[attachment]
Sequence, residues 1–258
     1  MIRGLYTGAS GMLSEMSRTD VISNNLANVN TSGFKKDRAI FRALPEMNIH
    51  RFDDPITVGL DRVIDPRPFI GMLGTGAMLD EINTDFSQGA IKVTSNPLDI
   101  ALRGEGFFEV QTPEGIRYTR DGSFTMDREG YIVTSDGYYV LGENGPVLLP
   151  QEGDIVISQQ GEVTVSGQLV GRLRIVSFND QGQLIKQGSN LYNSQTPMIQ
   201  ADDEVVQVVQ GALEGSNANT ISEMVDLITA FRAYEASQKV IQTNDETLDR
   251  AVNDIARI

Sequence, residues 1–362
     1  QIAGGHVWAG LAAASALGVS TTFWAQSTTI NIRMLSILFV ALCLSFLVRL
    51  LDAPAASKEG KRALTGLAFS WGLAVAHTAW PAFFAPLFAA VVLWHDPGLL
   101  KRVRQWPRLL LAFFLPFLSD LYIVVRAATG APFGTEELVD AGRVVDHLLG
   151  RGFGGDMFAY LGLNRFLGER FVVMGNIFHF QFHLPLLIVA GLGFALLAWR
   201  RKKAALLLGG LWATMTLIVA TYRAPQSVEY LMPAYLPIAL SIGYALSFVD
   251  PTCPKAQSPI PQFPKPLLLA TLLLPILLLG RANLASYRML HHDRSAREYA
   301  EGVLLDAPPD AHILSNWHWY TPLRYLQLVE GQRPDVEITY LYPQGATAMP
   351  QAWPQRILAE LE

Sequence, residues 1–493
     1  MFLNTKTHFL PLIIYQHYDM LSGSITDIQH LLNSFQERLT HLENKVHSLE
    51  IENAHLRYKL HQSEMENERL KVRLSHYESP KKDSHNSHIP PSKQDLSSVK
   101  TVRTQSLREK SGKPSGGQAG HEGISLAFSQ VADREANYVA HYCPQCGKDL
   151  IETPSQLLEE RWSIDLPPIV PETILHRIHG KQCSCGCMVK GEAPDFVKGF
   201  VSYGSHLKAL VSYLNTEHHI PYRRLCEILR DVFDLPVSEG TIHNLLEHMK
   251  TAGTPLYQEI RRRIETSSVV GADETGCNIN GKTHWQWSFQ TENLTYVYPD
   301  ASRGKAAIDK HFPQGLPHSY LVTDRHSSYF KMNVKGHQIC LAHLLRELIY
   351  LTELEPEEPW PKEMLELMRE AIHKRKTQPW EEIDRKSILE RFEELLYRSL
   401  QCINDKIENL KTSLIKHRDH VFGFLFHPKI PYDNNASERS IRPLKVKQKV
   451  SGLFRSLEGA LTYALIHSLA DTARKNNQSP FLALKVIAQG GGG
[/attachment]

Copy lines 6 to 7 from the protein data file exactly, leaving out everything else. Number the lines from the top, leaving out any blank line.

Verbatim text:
   201  ADDEVVQVVQ GALEGSNANT ISEMVDLITA FRAYEASQKV IQTNDETLDR
   251  AVNDIARI